• complex structured data documents, like financial information in a PDF, Excel spreadsheet or CSV file – a short list of entities like contacts or council schools doesn’t constitute complex structured data
  • technical detailed documents unlikely to change, like an architectural drawing or complex housing sites data – legal information or a flowchart often doesn’t constitute technical information
  • maps that are not used for navigational purposes, like for highlighting boundaries or physical features
  • leaflets, posters, and signage for users to print out and use.

In these exceptions, you must still consider accessibility and usability, and this usually means:

  • making reasonable adjustments to the PDF and office document published on the web to ensure it meets the accessibility requirements as much as possible
  • making the content within the PDF or office document available in a web page format.

Step-by-step guide to when you can and cannot publish PDFs and office documents on the web

You can use this step-by-step guide when you can and cannot publish PDFs or office documents on the web. It follows four simple steps and asks a series of questions.

It is best to use this guide before you create any PDFs or office documents.

What to do with PDFs and office documents already published on the web

There are many PDFs and office documents which have already been published on our digital services.

If they are part of the list of exceptions, this is acceptable.

If there aren’t, the accessibility regulations under the Equality Act 2010 are very specific. Your content will need to be accessible depending on:

  • its type
  • where it was published
  • when it was published
  • if it’s about to receive a major revision
  • if it is used for active administrative processes.

The “active administrative process” stipulation isn’t defined or explained in the regulations, so the cautious, good practice approach is to ensure that the content from any PDFs or office documents that people need to use for a service is converted to an accessible format.

For example, content from old documents that people need to get informed with current information, follow a process, or complete a task such as guidance, policies, strategies, user manuals, plans, procedures, or forms do qualify as active administrative processes and must be accessible.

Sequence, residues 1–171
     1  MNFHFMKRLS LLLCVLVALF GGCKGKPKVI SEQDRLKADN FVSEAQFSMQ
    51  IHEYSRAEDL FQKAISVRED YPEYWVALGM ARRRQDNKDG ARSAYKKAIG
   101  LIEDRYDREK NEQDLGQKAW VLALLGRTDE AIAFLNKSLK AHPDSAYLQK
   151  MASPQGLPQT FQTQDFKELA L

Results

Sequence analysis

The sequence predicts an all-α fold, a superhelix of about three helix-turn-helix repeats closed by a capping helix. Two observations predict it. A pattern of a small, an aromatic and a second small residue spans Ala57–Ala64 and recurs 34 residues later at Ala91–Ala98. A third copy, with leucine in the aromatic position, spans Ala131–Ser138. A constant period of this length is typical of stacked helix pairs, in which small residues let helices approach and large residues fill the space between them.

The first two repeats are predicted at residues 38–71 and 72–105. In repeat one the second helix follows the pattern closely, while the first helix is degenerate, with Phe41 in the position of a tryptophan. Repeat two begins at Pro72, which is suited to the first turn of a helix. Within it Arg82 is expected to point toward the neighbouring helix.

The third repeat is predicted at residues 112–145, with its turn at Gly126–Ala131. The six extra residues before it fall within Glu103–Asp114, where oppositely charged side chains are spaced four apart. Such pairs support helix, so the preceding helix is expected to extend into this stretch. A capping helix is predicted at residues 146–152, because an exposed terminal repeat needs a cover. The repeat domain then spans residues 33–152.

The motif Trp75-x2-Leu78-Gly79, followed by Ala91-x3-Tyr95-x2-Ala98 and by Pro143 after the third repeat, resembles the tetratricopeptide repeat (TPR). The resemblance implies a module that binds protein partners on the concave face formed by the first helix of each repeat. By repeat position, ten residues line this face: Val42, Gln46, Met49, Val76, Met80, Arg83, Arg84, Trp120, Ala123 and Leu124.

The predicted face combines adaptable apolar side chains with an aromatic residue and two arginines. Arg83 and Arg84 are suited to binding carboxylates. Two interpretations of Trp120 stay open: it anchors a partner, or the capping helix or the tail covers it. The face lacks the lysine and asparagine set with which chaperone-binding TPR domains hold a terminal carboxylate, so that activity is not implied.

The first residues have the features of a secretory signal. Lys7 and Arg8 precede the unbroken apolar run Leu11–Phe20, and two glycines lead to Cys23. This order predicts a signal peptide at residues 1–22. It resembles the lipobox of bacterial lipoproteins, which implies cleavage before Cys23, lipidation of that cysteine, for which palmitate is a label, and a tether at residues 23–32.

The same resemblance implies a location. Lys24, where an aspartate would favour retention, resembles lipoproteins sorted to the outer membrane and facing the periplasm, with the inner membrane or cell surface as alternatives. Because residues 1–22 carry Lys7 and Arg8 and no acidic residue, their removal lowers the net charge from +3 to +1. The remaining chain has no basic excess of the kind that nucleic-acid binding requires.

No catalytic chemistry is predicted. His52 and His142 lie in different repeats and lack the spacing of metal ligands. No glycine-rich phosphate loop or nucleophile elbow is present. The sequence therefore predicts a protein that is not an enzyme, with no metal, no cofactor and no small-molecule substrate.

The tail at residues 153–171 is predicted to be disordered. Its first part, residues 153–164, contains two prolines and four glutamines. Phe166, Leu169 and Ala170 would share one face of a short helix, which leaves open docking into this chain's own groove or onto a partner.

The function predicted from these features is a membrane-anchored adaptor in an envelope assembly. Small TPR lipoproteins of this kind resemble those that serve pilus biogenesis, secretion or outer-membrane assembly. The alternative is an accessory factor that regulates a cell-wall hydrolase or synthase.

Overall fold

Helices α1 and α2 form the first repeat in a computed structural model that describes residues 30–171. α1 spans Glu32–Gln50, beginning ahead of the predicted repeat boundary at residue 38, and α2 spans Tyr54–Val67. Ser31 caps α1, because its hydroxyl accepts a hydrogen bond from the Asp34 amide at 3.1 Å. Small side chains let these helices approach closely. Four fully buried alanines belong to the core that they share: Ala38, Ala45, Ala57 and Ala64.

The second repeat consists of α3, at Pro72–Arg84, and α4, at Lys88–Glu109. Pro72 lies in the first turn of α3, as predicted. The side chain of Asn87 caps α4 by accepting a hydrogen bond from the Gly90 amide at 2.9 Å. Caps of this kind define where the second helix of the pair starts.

PDFs and office documents published on an external website

“External website” means a website that is available to the public.

If your document published on an external council website:

  • isn’t an exception; and
  • is the current version for an active process; or
  • was created after 23 September 2018, or
  • requires to be updated once or more

then it must, by law, be made accessible and converted to a web page format.

PDFs and office documents published on an extranet, intranet, or Virtual Learning Environment (VLE)

“Extranet, intranet, or Virtual Learning Environment (VLE)” means a website that is only available for a closed group of people and not to the public.

If your document published on a council extranet, intranet, or Virtual Learning Environment (VLE):

  • isn’t an exception; and
  • receives any major revision after 23 September 2019; or
  • was created after 23 September 2019

then it must, by law, be made accessible and converted to a web page format.

What advice and help you can get

If you’re concerned about how your service will adapt without relying on PDFs or office documents, or you would like digital advice on an upcoming project, get in touch using our online request form. This is where you can request any support from the Digital Experience team, including updating existing web pages, creating new pages, and ensuring your content and campaigns comply with the accessibility regulations and Equality Act 2010.

You can also find more accessibility guidance on The Thread: